| Opinion/The Review

Larger text Larger text Smaller text Smaller text | Order Photo Reprints

It's about saving lives

Email Newsletters

Click here to sign up for one of our email newsletters.

Letters home ...

Traveling abroad for personal, educational or professional reasons?

Why not share your impressions — and those of residents of foreign countries about the United States — with Trib readers in 150 words?

The world's a big place. Bring it home with Letters Home.

Contact Colin McNickle (412-320-7836 or

Daily Photo Galleries

Letter to the Editor
Monday, June 16, 2014, 12:01 a.m.

Narcan isn't a magic potion. When injected into a muscle, it takes between three and five minutes to start working. If the person dying isn't breathing on their own, then you or someone else must breath for them until Narcan takes effect (like CPR.) Calling 911 must be done. Even after administering Narcan, the person must be taken to the emergency room. The danger isn't over. They can slip into another overdose.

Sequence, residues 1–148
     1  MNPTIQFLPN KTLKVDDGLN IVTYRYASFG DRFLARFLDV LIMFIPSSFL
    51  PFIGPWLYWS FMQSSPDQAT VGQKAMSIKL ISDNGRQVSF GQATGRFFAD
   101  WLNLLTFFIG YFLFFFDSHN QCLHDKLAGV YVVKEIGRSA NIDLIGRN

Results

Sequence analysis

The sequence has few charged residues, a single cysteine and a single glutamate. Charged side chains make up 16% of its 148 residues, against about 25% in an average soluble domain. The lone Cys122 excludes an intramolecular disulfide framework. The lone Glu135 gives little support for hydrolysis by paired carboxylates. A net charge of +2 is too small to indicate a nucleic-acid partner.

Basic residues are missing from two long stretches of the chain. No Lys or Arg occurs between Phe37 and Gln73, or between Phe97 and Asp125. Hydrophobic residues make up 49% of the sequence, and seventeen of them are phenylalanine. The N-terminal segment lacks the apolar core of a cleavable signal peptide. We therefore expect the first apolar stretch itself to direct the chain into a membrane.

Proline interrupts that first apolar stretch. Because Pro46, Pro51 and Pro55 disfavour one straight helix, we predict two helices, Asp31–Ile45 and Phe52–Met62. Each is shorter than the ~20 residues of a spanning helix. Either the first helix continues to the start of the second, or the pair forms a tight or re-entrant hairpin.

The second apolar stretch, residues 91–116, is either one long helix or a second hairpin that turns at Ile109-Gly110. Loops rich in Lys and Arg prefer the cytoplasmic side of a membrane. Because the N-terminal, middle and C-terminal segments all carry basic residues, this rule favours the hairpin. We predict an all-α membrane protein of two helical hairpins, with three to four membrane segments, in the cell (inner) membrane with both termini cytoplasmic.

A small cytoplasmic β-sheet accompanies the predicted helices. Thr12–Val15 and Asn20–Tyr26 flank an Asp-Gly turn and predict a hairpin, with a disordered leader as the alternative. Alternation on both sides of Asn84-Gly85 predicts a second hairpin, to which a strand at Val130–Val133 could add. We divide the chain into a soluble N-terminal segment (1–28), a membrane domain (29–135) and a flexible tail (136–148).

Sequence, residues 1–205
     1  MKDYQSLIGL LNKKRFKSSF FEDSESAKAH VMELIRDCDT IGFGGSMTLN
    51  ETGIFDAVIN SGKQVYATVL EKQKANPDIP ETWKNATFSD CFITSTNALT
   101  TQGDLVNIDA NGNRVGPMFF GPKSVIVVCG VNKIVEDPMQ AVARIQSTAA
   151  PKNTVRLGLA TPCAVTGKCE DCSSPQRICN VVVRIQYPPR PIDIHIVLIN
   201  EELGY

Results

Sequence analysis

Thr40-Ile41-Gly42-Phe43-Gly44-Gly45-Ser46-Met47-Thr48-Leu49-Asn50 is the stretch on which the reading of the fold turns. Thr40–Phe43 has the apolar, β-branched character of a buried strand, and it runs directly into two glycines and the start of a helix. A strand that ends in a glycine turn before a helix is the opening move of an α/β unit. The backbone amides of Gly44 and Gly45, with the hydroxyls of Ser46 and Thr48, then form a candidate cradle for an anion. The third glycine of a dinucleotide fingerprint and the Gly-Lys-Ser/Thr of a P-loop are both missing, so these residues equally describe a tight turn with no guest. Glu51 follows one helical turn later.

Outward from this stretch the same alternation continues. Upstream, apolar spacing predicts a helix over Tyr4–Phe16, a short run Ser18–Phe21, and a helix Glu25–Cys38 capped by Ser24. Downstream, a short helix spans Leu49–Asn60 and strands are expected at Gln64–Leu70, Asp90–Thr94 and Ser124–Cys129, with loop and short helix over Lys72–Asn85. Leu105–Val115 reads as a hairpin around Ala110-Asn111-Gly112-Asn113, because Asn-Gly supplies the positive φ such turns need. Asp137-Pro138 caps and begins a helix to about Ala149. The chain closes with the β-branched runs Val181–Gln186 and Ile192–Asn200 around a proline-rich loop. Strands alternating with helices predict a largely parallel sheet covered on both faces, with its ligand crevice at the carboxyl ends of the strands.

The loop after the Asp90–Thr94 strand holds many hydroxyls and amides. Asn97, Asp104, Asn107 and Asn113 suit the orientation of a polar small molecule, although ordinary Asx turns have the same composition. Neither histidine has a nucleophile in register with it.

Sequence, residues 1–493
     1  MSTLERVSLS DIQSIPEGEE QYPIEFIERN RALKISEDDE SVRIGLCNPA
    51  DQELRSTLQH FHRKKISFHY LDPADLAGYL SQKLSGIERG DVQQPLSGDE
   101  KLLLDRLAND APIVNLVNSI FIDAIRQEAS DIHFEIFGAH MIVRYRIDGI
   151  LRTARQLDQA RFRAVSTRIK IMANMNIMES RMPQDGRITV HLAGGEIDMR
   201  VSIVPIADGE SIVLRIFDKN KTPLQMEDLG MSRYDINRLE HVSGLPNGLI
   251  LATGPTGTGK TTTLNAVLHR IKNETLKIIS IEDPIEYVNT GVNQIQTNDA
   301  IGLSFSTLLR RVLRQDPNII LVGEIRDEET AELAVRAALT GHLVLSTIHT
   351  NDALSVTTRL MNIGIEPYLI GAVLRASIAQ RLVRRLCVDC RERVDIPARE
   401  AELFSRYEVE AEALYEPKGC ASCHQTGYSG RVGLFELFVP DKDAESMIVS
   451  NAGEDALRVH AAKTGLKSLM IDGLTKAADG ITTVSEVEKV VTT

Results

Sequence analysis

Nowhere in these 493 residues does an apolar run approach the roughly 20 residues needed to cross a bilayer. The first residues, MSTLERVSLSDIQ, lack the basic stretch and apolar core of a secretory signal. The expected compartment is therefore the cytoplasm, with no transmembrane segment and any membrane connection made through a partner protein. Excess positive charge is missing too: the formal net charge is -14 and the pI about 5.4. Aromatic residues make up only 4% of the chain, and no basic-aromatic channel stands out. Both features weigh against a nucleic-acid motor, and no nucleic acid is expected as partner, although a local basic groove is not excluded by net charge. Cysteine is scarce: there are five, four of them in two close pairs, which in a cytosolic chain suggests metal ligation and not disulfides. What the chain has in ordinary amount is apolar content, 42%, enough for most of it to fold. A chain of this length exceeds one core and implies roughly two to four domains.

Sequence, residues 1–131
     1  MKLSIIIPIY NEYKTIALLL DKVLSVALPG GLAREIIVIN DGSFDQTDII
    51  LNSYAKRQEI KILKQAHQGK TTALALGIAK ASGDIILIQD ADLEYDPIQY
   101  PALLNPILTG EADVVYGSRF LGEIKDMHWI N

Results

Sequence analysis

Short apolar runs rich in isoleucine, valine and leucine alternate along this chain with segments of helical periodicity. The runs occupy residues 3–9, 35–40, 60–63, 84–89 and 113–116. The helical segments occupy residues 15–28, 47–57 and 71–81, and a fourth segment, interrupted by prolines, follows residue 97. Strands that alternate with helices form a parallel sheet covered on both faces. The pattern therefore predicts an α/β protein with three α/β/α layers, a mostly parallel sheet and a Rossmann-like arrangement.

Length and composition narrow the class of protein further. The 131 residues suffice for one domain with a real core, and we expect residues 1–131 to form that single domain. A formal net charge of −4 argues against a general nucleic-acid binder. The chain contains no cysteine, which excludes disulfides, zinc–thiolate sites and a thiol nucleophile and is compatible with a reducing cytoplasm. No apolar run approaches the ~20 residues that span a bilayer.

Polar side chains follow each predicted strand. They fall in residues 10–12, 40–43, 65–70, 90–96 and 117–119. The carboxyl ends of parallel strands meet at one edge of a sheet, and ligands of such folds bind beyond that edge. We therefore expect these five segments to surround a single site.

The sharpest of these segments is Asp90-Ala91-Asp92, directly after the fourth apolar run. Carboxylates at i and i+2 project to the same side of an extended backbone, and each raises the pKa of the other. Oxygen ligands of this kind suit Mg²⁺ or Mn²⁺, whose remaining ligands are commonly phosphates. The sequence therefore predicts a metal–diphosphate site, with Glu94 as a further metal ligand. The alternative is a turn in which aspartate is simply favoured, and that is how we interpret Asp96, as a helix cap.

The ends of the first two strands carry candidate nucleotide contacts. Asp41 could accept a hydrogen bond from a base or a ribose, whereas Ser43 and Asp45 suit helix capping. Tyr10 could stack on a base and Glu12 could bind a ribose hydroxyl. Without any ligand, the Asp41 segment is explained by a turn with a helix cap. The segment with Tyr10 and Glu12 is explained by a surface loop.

The writer of “A little too far” (VND, June 4) states that Narcan is an enabler. I have startling news: an addict doesn't need to be enabled to use a drug. The availability of sterile needles and Narcan isn't going to make one bit of difference whether an addict uses or not. The gateway ‘enabler' myth has been around forever. Remember when rolling papers were going to turn everyone into reefer fiends? A person who has no interest in using opiates is now going to use because of safe needles and Narcan? I don't think so.

It was also mentioned that we are talking about illegal drugs. I assume the writer means heroin. Heroin is the only Class 1 opiate in the United States. All other opiates are considered Class II substances (legal.) If someone is dying from an opiate overdose, do you think it matters whether the drug is illegal or not? Dead is dead! It is okay because the drug was legal, just misused? Let's save the life and worry about legal or illegal later. I know that it's hard sometimes to remember that an addict is a member of someone's family. Hopefully loved, maybe not. If a member of my family were dying from an overdose, I'd be praying for a case of Narcan.

Marty Stadterman


Subscribe today! Click here for our subscription offers.



Show commenting policy

Most-Read Letters

  1. Can’t believe ATI statements
  2. WQED beyond repair?
  3. ‘Normal’ pitfalls
  4. Updated paving needed
  5. Good for seniors
  6. Data misrepresented
  7. A WQED loss
  8. The budget impasse
  9. Volkswagen’s ‘sin’
  10. CO2 propaganda war
  11. Pipelines to the future